Cyber war More Fatal Than Physical War

by May 7, 2019 0 comments

Cyber war More Fatal Than Physical War

Israel’s response to a Hamas cyber attack was real-time. What does this mean for warfare in the future?

One of the unwritten rules of global warfare has always been a ‘reasonable’ response to an attack. Does India’s counter-strike in the aftermath of the Pulwama attacks qualify on that count? That is what most countries felt given that India had hit back at the terrorists who had orchestrated the attack on the convoy of paramilitary forces. But Israel’s response to a suspected Hamas cyber attack on its interests was to bomb into oblivion the house where the online warriors were operating from. The question many warfare theorists are asking now is whether this was a proportionate attack? The United States (US) did not even use low-yield tactical nuclear weapons when it was chasing Osama bin Laden or in any of the wars that it has been involved in after it dropped the “Fat Man” nuclear bomb on Nagasaki. That said, Israel’s responses to Palestinian terrorist attacks has almost always been disproportionate, using far superior weaponry against a State that barely exists.

But there are a couple of things that we should all keep in mind. With increased digitisation in the world, a cyber attack can itself be disproportionately more damaging than a physical version. Paralysing the banking or electrical system of a nation can cause far more damage economically than a bomb. It might not kill any people, at least not directly, but as demonetisation has taught us, a shock to the financial system can be extremely damaging to the economy. So should the response to such a transgression also be physically proportionate? That is clearly something that will have to be determined on a case-to-case basis but nations are rightly becoming more aware of the risks and the need to respond to such attacks. Primarily because a digital offensive may not allow any State the liberty of time to script an equally potent digital counter-offensive. Sometimes, there may not be enough digital assets to compromise, sometimes the attacking State would have secured its own digital assets. A physical reaction may be the only way to respond in such a complicated scenario. Taking out the nerve-centre of the attack by blowing it up could well be a baseline response and that is what Israel seems to have done. Other countries may have different ways of responding — they may employ sleuths or assassins to go after the perpetrators. This is a brand new world of warfare that we are entering into and the answers to many of these questions will unfortunately only come after the scale of a devastating impact.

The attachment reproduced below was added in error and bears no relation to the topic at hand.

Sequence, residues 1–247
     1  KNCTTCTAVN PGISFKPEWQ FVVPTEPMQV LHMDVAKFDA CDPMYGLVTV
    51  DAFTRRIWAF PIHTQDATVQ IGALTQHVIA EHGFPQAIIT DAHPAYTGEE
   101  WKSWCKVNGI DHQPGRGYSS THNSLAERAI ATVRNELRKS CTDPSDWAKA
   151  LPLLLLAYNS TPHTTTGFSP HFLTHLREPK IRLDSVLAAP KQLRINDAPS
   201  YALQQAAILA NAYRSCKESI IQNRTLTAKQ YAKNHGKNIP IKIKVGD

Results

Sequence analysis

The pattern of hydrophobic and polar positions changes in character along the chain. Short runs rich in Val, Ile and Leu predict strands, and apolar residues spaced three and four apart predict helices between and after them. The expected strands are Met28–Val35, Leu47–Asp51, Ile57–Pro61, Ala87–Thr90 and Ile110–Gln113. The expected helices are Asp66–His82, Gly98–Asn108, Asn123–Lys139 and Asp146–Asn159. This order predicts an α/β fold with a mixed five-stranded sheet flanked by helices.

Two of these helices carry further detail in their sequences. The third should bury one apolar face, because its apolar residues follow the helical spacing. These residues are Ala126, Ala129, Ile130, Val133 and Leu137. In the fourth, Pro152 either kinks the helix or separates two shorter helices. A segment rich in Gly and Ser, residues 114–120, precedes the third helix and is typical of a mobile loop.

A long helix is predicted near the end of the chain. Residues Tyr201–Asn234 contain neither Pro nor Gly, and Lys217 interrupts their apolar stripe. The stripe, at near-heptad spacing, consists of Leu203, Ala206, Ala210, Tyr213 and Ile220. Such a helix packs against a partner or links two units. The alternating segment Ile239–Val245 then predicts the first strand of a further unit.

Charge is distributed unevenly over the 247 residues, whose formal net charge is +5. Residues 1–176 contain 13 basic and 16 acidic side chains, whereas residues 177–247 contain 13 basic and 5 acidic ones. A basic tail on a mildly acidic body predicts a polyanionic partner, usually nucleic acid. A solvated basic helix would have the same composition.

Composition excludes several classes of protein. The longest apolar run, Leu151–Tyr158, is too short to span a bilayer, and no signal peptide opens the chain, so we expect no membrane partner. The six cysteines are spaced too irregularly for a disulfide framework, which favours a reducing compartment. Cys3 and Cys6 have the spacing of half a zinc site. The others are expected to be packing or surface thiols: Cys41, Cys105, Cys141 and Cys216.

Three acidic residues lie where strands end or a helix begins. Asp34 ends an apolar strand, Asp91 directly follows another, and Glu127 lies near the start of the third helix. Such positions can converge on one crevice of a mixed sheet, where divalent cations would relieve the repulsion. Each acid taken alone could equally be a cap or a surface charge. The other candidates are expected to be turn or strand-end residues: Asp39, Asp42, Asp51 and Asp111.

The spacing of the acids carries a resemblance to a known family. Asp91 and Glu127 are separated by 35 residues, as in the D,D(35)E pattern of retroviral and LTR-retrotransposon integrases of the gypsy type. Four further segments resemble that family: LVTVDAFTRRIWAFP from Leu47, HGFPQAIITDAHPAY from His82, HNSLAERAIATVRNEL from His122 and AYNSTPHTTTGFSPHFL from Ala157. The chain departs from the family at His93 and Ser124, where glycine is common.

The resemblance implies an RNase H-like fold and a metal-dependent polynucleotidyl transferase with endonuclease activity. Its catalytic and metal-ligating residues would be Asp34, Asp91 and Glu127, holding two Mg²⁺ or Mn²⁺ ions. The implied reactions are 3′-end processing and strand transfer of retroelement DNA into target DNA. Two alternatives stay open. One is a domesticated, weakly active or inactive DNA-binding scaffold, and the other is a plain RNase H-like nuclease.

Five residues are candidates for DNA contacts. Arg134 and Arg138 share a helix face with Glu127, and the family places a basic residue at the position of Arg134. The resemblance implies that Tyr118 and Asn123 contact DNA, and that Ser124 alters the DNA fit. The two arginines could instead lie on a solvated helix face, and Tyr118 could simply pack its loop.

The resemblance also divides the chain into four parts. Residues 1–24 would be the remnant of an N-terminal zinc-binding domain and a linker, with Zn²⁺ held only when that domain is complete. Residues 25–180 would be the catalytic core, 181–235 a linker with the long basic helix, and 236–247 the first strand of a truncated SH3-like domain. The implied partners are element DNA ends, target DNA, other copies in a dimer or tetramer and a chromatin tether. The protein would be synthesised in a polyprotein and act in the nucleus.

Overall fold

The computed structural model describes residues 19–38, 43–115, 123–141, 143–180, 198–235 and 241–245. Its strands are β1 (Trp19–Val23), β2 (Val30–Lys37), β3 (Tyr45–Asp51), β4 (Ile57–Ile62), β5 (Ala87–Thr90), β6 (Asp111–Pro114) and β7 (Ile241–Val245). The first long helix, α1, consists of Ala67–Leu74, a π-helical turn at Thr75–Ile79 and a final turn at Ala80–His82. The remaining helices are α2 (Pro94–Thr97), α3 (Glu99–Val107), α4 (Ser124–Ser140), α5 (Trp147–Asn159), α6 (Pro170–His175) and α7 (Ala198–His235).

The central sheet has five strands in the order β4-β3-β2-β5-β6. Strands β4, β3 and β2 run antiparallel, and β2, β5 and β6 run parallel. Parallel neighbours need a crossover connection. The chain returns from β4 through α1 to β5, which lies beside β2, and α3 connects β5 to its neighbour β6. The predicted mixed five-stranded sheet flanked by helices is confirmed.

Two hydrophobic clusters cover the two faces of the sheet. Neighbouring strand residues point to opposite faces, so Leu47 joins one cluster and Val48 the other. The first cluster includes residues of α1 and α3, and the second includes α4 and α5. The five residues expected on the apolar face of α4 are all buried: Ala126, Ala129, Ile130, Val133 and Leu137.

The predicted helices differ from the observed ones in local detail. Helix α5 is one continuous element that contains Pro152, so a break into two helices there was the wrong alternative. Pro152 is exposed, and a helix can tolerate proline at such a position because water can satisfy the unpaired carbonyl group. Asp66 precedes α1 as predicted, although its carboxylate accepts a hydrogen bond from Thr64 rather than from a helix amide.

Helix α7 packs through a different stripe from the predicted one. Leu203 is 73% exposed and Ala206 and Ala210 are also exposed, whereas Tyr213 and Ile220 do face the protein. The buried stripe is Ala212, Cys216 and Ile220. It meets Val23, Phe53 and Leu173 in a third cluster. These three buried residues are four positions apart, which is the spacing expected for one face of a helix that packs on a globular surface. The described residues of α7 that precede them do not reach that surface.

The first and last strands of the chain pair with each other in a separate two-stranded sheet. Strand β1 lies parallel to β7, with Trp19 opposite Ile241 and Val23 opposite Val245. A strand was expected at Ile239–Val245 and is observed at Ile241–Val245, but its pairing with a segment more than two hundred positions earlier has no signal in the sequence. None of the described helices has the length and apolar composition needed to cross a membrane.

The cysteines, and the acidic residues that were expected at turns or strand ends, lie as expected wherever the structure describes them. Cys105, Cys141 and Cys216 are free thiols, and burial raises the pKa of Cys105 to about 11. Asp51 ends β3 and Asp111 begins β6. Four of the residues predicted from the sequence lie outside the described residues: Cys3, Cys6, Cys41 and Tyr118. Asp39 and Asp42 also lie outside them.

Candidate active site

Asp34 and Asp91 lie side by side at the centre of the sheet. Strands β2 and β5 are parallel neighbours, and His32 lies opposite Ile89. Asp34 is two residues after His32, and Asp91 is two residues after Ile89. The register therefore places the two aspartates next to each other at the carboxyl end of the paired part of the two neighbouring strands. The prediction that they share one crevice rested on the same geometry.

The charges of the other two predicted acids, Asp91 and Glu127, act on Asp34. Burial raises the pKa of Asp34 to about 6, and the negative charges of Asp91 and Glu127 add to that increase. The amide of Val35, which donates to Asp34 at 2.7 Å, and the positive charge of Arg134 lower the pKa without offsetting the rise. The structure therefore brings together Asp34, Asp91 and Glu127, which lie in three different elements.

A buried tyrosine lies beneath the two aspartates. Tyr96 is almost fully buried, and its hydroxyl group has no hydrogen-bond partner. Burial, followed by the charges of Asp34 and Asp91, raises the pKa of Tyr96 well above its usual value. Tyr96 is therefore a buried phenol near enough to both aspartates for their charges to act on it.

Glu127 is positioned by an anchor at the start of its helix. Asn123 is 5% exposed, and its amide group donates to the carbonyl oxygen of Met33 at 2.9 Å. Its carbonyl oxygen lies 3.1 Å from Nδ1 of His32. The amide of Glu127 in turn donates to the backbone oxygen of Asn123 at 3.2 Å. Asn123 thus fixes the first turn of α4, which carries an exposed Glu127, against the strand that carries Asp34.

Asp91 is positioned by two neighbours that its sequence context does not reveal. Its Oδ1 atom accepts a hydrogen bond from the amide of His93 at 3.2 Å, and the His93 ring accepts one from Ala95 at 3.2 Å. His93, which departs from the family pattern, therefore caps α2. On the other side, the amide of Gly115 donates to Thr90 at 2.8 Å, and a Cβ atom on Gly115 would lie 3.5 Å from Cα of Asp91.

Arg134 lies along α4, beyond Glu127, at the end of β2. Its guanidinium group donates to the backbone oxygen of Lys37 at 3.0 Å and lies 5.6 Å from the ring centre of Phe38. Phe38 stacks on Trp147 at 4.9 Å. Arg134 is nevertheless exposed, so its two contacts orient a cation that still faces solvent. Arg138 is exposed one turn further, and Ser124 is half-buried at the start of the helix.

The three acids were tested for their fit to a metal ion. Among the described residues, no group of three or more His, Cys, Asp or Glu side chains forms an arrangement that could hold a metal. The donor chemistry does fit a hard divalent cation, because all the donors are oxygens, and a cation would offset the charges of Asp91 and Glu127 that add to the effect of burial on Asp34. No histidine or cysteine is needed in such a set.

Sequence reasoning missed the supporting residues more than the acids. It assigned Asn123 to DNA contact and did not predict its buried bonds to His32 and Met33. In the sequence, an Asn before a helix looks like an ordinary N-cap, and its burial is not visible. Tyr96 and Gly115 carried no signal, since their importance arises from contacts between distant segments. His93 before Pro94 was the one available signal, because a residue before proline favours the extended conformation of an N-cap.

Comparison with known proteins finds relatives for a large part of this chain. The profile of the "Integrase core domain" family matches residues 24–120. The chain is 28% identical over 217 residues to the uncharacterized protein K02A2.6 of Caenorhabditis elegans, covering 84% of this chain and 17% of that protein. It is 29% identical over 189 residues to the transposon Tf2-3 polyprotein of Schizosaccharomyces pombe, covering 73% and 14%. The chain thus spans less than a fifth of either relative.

Writer: Pioneer

Courtesy: The Pioneer

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